A new factory has gone into production and aims to deliver 2,000 fully-fitted homes a year over the next 24 months, scaling up to 5,000 a year in the next five years.
Ilke Homes, the operator of the factory in Knaresborough, Yorkshire, said eight modular homes will roll off the production line every day and will cut the time needed to build a home by half.
The modular house builder said the production of the precision-engineered homes, which can be installed at a rate of six homes a day, should help to address the UK’s chronic current housing shortage and lack of affordable housing stock.
The factory cost of a two or three-bedroom home will be between £65,000 and £79,000, but this excludes the cost of land, on-site assembly and connecting the home to services.
The homes will have a mix of layouts, with more than 100 possible variations, from two-storey terraced houses to three-storey semi-detached properties and blocks of flats of up to four storeys.
Ilke Homes said it was working in partnership with housing associations, developers and others to deliver “much-needed, high-quality” homes that will be available to the private market as well as earmarked for housing associations.
They will be assembled on a “highly efficient flow line” using state-of-the-art manufacturing techniques.
“We’re proud to officially open our first house-building factory in the UK, delivering much-needed, energy-efficient housing that will assist developers, local councils and housing associations responding to the current housing shortage,” said chief executive of Ilke Homes Björn Conway.
“The Government has called for the use of innovative new technology in the house-building industry in order to meet housing targets, and the modern methods of construction used to create our modular homes have been recognised as one of the most viable ways to do this.”
He said that the company already had orders for 1,000 homes for 2019 and was working in partnership with local authorities, housing associations and developers to “ensure a steady supply of affordable housing” across the UK.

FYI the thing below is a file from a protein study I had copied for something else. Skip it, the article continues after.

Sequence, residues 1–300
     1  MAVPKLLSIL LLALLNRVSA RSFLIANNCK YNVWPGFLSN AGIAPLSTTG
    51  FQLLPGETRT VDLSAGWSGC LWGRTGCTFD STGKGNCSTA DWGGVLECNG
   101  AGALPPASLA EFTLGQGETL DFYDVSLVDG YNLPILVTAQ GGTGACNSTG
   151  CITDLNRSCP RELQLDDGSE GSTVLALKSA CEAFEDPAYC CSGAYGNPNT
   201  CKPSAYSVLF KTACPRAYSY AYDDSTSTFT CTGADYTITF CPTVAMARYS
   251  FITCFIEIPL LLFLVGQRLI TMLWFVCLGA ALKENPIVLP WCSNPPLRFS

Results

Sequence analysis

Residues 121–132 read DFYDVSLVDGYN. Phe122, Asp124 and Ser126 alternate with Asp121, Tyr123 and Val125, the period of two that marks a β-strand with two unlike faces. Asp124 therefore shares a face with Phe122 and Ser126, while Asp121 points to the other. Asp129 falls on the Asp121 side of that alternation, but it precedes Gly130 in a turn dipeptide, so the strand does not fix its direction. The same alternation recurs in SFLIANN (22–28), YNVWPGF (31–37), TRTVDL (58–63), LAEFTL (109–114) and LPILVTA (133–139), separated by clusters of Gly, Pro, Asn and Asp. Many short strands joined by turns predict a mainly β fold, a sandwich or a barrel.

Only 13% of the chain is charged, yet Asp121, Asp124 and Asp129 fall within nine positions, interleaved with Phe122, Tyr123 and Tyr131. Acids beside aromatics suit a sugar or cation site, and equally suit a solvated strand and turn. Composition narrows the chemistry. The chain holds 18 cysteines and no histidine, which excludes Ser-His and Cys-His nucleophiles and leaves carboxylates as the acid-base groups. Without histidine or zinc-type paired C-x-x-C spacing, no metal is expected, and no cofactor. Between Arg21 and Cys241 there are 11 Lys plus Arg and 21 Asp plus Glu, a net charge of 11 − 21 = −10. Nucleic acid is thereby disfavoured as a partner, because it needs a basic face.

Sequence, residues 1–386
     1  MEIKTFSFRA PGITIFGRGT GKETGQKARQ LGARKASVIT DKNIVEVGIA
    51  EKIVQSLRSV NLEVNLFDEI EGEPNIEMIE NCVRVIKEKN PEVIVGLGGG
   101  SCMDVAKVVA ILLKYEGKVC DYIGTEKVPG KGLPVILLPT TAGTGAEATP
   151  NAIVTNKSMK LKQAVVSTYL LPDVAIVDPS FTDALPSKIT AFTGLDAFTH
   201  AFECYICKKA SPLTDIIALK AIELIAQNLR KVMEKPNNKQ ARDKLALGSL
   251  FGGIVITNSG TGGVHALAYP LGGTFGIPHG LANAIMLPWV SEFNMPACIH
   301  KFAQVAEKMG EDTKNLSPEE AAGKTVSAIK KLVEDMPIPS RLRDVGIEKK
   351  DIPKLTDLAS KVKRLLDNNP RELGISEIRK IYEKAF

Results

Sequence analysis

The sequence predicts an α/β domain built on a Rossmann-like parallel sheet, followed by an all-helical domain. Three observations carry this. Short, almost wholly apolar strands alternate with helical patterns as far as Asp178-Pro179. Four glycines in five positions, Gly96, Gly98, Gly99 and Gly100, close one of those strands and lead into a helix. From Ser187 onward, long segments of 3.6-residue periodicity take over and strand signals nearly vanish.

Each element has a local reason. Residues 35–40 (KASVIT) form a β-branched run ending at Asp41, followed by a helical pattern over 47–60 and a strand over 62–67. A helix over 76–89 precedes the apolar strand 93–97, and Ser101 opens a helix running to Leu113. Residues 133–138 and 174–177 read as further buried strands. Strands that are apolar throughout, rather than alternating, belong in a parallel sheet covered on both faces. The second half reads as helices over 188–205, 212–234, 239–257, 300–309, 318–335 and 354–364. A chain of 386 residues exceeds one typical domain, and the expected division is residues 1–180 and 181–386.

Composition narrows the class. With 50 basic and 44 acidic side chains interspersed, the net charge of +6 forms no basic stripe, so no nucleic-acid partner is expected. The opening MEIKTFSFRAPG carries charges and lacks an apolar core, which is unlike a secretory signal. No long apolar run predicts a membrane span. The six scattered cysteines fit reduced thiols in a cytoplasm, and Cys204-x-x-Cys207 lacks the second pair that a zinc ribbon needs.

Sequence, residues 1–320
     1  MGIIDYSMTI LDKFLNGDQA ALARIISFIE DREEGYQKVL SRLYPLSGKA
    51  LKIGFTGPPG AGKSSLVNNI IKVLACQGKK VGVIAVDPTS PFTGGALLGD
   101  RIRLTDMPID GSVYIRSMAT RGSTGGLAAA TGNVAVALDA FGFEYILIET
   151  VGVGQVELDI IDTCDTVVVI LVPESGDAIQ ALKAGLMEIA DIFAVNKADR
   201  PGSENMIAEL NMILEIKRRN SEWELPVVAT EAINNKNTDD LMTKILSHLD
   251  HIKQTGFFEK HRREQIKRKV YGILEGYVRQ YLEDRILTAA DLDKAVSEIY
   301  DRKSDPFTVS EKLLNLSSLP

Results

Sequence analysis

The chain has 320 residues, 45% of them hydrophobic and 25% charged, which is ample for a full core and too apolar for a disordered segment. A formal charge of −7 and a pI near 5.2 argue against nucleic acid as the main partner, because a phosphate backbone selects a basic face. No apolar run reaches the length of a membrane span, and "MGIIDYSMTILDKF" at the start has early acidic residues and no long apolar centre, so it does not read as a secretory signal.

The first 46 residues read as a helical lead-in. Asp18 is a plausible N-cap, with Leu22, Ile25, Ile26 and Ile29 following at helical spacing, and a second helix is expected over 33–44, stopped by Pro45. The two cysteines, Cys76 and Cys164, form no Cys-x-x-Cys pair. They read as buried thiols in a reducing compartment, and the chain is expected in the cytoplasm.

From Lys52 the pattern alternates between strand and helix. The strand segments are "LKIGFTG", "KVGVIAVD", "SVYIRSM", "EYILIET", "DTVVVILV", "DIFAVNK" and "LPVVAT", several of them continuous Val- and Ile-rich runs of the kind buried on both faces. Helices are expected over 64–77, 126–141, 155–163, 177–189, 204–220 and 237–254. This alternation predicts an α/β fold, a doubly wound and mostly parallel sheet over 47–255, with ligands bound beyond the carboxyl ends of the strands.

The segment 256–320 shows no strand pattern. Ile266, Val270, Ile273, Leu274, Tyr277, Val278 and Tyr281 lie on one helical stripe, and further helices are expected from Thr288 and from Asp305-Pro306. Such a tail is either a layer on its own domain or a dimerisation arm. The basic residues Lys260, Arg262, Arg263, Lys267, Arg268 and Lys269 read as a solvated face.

Housing minister, James Brokenshire, who spoke at the opening of the factory last week, applauded the new house-production facility, which he said would help meet the Government’s target of building 300,000 homes a year by the mid-2020 and called for more innovation in house building across the sector.
“I am determined to build a housing market that works for everyone. Innovation in house building is a key part of scaling up delivery, which is why I am keen to support increased modular build.”
The opening of the factory has created 250 local jobs across the manufacturing and supply chain, design and engineering teams, with 85% of roles taken by people outside of the construction sector, reflecting the worsening skills shortage in the UK.
A further 500 “high-quality” jobs will become available at Ilke Homes over the next five years.
Speaking to kbbreview in an interview for the December issue, TV designer and architect George Clark, said the UK needed to remove politics from house building to resolve the housing crisis and create a more cohesive and efficient planning system.
Calling for a National Home Service that would work for housing in a similar way that the NHS works for health, he said: “How can you have a consistent strategy if the housing minister is changing all the time? I have been saying this for years.
“How can the industry, how can a manufacturer or retailer, or developer know what they are doing in the next few years? They have no idea what the housing provisions are going to be?”
- Look out for kbbreview’s interview with George Clark in the December issue, where he urges a cultural shift in our approach to housing and development in the UK.